• #10 by Larry Bergan on June 13, 2014 - 4:51 pm

      Hope you’re not having too much trouble, cav. I’ve been losing comments in the spam filter lately. Very annoying.

  8. #11 by Larry Bergan on June 13, 2014 - 4:56 pm

    I wouldn’t want to be Obama in this situation. No matter what he does, the wingers are going to do everything they can think of, to convince everybody that he’s doing the exact wrong thing, even if they know he isn’t.

    Great Americans.

    • #12 by Nathan Erkkila on June 14, 2014 - 12:57 am

      Then he must do the right thing. And by that, I mean he needs to stay out of Iraq.

      • #13 by Larry Bergan on June 14, 2014 - 6:05 pm

        We never should have gone into Iraq, and we should just stay out.

  9. #14 by cav on June 13, 2014 - 8:23 pm

    I get bunches of ‘duplicate comment detected’, then poof…down the memory hole. Copying them back into the comment box, rinse, repeat. Like electing republicans

    • #15 by Nathan Erkkila on June 14, 2014 - 12:58 am

      I’ll see what I can do. I honestly don’t know how Cliff sets up his sever and the network he runs it on, but if he is reading, I am more than willing to help out.

  10. #16 by cav on June 14, 2014 - 10:28 am

    just cain’t get through!

    • #17 by Richard Warnick on June 14, 2014 - 5:43 pm

      I e-mailed Cliff. He’s going to look at the problem. For me, the comment links beneath the post are disabled, but I can go to the comment history on the right column and get in that way and write comments.

  11. #18 by Larry Bergan on June 14, 2014 - 6:01 pm

    I’ve been clicking on the heading to get in. I’ve had the same problem cav’s had; nothing shows up when you submit and if you try to send it again you get the “comment duplicated” warning, but the messages are going into the spam filter. I found a couple of mine there. I had to click on “not spam” and then release it from the dashboard.

    The problem is that if you don’t catch it quickly it gets buried in real spam. Right now, there are 1,200, and I just cleared it out last night.

  12. #19 by Richard Warnick on June 14, 2014 - 7:21 pm

    I think it’s interesting that MSNBC (which covered the final U.S. withdrawal from Iraq LIVE as it happened) waited two days before really trying to address the fall of Mosul. To their credit, NBC has Richard Engel there now (in Erbil, which is safer than Baghdad). None of the other networks have reporters in Iraq at all.

  13. #20 by Richard Warnick on June 14, 2014 - 7:42 pm

    The Cheap, Deadly Weapon That’s Better At Killing Civilians Than Fighting Terrorists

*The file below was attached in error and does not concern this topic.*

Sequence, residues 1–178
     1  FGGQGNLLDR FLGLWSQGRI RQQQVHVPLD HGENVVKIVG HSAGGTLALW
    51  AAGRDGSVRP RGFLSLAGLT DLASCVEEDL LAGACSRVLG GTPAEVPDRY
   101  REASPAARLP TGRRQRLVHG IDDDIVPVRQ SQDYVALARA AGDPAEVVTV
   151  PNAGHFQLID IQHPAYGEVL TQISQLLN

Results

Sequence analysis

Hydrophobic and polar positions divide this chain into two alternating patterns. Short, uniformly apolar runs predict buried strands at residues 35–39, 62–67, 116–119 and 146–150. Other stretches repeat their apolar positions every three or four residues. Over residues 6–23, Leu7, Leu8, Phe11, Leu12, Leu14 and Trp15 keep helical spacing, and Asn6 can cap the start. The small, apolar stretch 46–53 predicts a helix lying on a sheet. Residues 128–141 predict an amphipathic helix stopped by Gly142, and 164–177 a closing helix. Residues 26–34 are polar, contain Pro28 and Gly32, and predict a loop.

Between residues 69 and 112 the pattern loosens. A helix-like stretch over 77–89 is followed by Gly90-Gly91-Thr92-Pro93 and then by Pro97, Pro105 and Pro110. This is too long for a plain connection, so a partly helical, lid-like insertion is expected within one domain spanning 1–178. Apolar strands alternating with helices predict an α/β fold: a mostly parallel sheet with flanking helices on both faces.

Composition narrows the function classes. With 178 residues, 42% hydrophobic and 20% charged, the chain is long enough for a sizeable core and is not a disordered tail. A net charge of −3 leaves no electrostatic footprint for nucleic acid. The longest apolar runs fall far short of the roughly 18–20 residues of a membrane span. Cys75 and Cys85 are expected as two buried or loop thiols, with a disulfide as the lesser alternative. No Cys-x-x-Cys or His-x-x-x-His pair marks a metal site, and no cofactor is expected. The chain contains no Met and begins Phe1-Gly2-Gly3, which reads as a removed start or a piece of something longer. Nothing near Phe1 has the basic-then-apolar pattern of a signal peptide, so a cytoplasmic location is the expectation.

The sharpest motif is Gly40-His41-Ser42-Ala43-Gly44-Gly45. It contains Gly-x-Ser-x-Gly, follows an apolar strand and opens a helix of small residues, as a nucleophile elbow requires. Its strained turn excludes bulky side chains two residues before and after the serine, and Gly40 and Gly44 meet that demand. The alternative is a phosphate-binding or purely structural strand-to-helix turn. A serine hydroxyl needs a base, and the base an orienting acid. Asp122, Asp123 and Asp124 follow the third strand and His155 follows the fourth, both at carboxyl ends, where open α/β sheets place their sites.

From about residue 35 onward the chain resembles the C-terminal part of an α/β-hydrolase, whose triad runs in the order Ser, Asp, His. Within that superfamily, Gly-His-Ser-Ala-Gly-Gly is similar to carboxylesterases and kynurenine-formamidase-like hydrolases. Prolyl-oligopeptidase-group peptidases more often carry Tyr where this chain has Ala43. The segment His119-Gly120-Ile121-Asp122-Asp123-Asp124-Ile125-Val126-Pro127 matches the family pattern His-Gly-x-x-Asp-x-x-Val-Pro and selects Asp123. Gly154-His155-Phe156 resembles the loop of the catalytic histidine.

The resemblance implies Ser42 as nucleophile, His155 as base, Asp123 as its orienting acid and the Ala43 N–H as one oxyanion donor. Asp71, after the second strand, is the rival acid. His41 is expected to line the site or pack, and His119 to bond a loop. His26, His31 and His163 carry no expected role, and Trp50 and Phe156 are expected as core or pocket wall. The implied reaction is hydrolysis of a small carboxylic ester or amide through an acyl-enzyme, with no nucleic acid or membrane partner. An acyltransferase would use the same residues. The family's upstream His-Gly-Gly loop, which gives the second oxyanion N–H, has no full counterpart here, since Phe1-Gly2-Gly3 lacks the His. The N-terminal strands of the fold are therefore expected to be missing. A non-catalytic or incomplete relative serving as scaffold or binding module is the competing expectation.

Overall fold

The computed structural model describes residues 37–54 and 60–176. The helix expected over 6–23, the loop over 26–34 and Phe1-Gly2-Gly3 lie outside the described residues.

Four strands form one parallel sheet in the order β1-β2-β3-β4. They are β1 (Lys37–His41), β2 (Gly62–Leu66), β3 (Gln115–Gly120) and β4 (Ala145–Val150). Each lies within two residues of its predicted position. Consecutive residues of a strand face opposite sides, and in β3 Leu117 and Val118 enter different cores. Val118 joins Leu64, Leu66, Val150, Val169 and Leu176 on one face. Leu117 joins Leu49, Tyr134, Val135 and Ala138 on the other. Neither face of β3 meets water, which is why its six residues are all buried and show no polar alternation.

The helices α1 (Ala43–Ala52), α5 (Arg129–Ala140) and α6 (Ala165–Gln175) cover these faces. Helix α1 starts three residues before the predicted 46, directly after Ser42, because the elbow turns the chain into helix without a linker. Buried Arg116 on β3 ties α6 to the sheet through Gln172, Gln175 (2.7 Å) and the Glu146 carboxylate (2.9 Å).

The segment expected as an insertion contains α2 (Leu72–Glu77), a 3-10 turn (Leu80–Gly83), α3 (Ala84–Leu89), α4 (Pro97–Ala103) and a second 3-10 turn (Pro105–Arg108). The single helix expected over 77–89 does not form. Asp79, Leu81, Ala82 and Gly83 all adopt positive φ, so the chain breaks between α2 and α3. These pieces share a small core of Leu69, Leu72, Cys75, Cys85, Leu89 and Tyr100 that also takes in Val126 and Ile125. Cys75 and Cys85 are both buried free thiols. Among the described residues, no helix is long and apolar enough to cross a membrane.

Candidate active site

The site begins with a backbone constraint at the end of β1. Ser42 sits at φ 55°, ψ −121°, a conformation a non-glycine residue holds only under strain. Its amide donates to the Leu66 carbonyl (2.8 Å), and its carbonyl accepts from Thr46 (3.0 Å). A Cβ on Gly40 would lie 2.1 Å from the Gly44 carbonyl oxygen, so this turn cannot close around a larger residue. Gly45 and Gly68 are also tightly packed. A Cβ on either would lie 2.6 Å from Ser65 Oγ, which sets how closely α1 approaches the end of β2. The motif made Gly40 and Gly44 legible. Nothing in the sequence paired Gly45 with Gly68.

Until this week, I hadn’t heard the term “barrel bomb” (aka “flying IED”). Apparently Sudan began using them in 2011, and now they are common in both Syria and Iraq. The barrel bomb is a terror weapon being used by the Iraqi government to kill civilians on a large scale.

    • #21 by Larry Bergan on June 14, 2014 - 9:30 pm

      Looking at the picture, I can’t see how that barrel could be made to fly, unless it’s dropped from a plane. What gives?

      • #22 by Nathan Erkkila on June 15, 2014 - 5:00 am

        As resources get exhausted, the country improvises with such devices. Unfortunately this type of weapon is unguided and I doubt their migs can have them fitted on let alone have their trajectory programmed in. This makes the weapon very unbiased.

        Welcome to war.

      • #23 by Richard Warnick on June 15, 2014 - 9:03 am

        Larry– They drop barrel bombs from cargo planes and helicopters. The Iraqi Air Force currently has no jet aircraft except for some F-16s that haven’t been delivered yet.

  14. #26 by brewski on June 14, 2014 - 9:08 pm

    It won’t let me post at all.

  15. #28 by Larry Bergan on June 15, 2014 - 12:46 pm

    Here’s a really good, informed rant about the war hawks from a site called “Stonekettle Station”.

    The article is called “Absolutely Nothing“. (derived from the anti-war song).

  16. #29 by cav on June 15, 2014 - 6:21 pm

    My Veteran status predates the Great Tahitian Banana War,

  17. #31 by cav on June 15, 2014 - 7:09 pm

    : )
    Re-living all this is a shit sandwich nightmare. All the old arguments. All the crap laid on Obama’s head that belongs on Bush’s. And not one person able to say “I predicted this” except progressives, whom no one pays the least bit of attention to anyway.

  18. #32 by cav on June 15, 2014 - 7:11 pm

    : )
    I can hit the spam filter, but not the blog. Hooray me!!

  19. #33 by cav on June 15, 2014 - 7:11 pm

    Re-living all this is a shit sandwich nightmare. All the old arguments. All the crap laid on Obama’s head that belongs on Bush’s. And not one person able to say “I predicted this” except progressives, whom no one pays the least bit of attention to anyway.

  20. #34 by cav on June 15, 2014 - 7:12 pm

    Mind checking again?

    • #35 by cav on June 15, 2014 - 7:16 pm

      I have any idea. Just stay by the filter.if it has my name on it – circulate it up here. TIA

  21. #36 by cav on June 15, 2014 - 7:17 pm

    Don’t know why these diddly, good-for-nuthin comments take, but nuthin more substantive. It’s like twitter.

  22. #37 by cav on June 15, 2014 - 7:21 pm

    We have met the enemy…and it is twitter.

  23. #38 by cav on June 15, 2014 - 7:22 pm

    Soon I’ll develop into an A-list twit.

  24. #39 by cav on June 15, 2014 - 8:24 pm

    “What Iraq needs now to restore peace and tranquility is a tax cut” – GWB

  25. #40 by Larry Bergan on June 15, 2014 - 9:12 pm

    Almost hated to release your longer comment, cav. The cav-twitter-feed is getting pretty funny.

    Almost didn’t get it though. There were already 127 spams since I cleared it out a couple of hours ago. I had to go back fairly far to find your comment.

    I had another one go in the bin today too. :(

    • #41 by Larry Bergan on June 15, 2014 - 9:13 pm

      That one went through just fine. Go figure.

    • #42 by cav on June 15, 2014 - 10:17 pm

      I had no idea the spam built up so fast. Must shake up the NaSA.

  26. #43 by lake of fire on June 15, 2014 - 9:59 pm

    The site is run on a desktop dinosaur.

  27. #44 by cav on June 15, 2014 - 10:15 pm

    Or dinosaur desktop…when it runs at all.